In case you missed our first twenty-five volumes or the greatest hits edition, let me explain. Every Monday, we go into the archives of The New York Times to find the first time The Paper of Record covered selected topics. If you have a suggestion for next week, leave us a comment.
Far-Out Music Is Played at CarnegieOne thing you can surely say about today's new music: the farther out it gets, the harder it is to describe. It wasn't always so; thirty years ago inner anatomical detail and structural exactitude were the rage. But now "“ Here are some of the things that happened in almost total darkness at Carnegie Recital Hall late yesterday afternoon, all in the name of music: Against a taped background of mumbled words and wild laughter a girl spoke earnestly about peeling a grapefruit, squeezing lemons and counting the hairs on a dead child. Musicians in the corner made their instruments go squeep and squak. * * * * * The occasion was a concert of works by Yoko Ono, and the hall was packed. The works were titled, respectively, "A Grapefruit in the World of Park," "Piece for Strawberries and Violin" and "AOS"“To David Tudor." Whether or not time will prove Miss Ono a master of musical expressiveness, there can be no denying her skill at concocting titles. Especially since neither strawberries nor violin were anywhere in evidence. [This was actually Yoko's second appearance. She was briefly mentioned the previous day in an article titled "Musical Notes."]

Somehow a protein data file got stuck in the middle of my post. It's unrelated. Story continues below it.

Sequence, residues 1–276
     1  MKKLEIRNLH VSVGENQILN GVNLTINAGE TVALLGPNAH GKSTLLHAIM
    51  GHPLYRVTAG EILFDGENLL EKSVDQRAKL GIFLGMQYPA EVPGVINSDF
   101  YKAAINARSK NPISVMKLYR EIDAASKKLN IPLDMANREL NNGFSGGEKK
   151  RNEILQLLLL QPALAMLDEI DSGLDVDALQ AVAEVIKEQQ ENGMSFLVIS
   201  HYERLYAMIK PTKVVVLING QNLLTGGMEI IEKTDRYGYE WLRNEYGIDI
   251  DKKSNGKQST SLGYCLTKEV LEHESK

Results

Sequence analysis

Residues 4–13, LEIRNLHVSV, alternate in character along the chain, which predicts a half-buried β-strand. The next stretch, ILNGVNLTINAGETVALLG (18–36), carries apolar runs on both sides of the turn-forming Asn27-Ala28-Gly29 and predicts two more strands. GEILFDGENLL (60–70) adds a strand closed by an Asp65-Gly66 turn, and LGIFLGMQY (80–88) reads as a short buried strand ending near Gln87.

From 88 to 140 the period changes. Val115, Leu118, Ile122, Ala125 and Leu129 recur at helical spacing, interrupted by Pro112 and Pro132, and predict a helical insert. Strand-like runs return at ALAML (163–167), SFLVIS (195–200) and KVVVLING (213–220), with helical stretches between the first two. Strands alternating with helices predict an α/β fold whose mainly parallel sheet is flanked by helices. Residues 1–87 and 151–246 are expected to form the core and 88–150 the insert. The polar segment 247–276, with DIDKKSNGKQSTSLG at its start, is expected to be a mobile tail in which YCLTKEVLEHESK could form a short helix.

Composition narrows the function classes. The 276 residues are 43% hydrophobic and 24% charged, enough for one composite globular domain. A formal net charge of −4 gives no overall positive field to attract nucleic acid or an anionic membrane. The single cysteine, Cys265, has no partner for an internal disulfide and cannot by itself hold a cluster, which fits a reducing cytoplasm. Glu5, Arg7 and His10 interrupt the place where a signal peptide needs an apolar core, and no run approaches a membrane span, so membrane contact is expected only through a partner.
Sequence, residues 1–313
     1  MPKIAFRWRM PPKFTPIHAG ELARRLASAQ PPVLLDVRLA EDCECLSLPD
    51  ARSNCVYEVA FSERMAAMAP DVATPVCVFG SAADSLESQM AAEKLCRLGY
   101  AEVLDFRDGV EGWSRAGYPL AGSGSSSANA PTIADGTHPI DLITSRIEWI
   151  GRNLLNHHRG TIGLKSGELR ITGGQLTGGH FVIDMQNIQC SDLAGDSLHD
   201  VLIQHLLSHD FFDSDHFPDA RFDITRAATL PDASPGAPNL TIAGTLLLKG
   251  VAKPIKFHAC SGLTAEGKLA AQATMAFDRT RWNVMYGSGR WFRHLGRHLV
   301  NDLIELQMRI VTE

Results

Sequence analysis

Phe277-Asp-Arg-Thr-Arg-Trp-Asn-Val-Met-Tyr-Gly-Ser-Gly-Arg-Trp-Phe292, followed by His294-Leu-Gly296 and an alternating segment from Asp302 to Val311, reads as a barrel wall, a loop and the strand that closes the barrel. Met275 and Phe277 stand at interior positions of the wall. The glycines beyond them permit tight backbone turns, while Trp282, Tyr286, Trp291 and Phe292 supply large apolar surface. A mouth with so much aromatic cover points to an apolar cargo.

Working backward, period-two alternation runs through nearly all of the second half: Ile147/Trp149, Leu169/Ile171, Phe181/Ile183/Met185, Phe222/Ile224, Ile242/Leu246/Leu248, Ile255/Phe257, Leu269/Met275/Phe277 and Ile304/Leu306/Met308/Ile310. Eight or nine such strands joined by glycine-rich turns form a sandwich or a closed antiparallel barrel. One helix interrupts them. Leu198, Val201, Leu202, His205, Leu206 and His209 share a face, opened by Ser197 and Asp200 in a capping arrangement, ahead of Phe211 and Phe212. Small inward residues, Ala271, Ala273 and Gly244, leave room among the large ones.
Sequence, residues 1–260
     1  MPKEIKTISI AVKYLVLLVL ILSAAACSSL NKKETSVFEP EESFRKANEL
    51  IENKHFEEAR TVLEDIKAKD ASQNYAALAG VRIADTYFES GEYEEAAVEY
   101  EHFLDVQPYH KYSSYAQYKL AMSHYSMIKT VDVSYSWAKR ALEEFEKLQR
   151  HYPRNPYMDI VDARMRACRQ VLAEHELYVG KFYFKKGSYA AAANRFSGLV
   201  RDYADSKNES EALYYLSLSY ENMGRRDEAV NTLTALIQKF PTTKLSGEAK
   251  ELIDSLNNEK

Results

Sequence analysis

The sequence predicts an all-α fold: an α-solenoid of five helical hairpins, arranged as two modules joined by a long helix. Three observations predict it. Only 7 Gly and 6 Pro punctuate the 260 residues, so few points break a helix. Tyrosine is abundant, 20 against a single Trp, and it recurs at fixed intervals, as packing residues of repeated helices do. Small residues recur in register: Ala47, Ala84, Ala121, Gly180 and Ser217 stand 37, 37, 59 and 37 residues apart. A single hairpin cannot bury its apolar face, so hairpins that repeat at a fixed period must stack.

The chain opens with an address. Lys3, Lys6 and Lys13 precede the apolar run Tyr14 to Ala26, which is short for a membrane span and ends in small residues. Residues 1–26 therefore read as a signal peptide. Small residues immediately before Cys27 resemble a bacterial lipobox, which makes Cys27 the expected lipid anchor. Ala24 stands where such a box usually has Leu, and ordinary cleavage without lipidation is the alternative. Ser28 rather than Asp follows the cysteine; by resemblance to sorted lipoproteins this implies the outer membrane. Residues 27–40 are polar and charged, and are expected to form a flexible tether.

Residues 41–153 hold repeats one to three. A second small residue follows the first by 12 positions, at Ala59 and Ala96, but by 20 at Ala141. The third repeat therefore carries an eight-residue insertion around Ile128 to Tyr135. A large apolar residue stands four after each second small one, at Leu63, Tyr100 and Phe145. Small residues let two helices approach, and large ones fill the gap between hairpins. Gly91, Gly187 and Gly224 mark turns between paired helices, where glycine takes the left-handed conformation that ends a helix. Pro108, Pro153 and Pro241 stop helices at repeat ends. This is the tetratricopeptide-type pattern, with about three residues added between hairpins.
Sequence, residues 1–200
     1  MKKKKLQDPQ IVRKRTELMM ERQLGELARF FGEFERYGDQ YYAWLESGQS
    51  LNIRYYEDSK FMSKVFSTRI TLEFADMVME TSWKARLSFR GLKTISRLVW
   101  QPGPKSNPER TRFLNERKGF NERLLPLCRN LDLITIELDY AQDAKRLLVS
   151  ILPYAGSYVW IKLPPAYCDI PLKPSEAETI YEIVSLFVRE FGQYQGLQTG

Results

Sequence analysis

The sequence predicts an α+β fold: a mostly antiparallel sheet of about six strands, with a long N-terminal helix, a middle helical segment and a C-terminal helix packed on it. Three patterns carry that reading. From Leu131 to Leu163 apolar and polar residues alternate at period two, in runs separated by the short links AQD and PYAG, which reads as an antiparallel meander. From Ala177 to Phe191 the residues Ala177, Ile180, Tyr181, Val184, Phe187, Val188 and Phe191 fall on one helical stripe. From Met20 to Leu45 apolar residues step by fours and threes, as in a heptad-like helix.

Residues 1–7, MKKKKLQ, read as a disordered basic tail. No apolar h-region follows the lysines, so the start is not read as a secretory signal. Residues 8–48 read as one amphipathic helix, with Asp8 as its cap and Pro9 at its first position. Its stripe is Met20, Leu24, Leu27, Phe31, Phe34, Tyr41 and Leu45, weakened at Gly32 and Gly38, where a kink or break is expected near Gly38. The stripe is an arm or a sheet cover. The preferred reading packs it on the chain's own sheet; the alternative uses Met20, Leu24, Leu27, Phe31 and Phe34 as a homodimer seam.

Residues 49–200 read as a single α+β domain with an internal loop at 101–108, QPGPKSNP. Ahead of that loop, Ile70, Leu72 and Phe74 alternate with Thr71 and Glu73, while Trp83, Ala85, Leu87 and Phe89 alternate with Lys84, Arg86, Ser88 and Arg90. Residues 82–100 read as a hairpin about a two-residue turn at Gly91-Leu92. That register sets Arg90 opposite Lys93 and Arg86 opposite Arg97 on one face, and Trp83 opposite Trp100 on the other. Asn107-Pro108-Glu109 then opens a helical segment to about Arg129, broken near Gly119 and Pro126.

Universal Health Care
Truman's Health Plan Compared With British There are fundamental differences between the popular national health service of Great Britain and the compulsory health insurance program of President Truman. However, the objectives are virtually identical. Many details are similar. And it is easy to get into an argument over whether either constitutes "socialized medicine." * * * * * There are important differences as well in the historical background for a national health system. For thirty-six years before the British National Health Service became operative, about half of the population had been covered under a national insurance system confined to low-income individuals. As a consequence, the British Medical Association was psychologically prepared for universal health care when it was first made official Government policy in 1944 by the Conservative Government....In contrast, the American Medical Association is raising a $1,500,000 fund to fight adoption of compulsory health insurance in this country.
Keep reading for Tom Coughlin, Super Tuesday and Tabitha Soren...
Syracuse Football Varsity Trounces Alumni by 32-7 The Syracuse varsity football team trounced an alumni squad today, 32-7. Jim Del Gaizo passed for two touchdowns and Larry Csonka and Tom Coughlin plunged over for scores. [This is Tom's first flirtation with the New York media, unless he is the same Tom Coughlin who dominated the junior swimming scene in the mid-1950s.]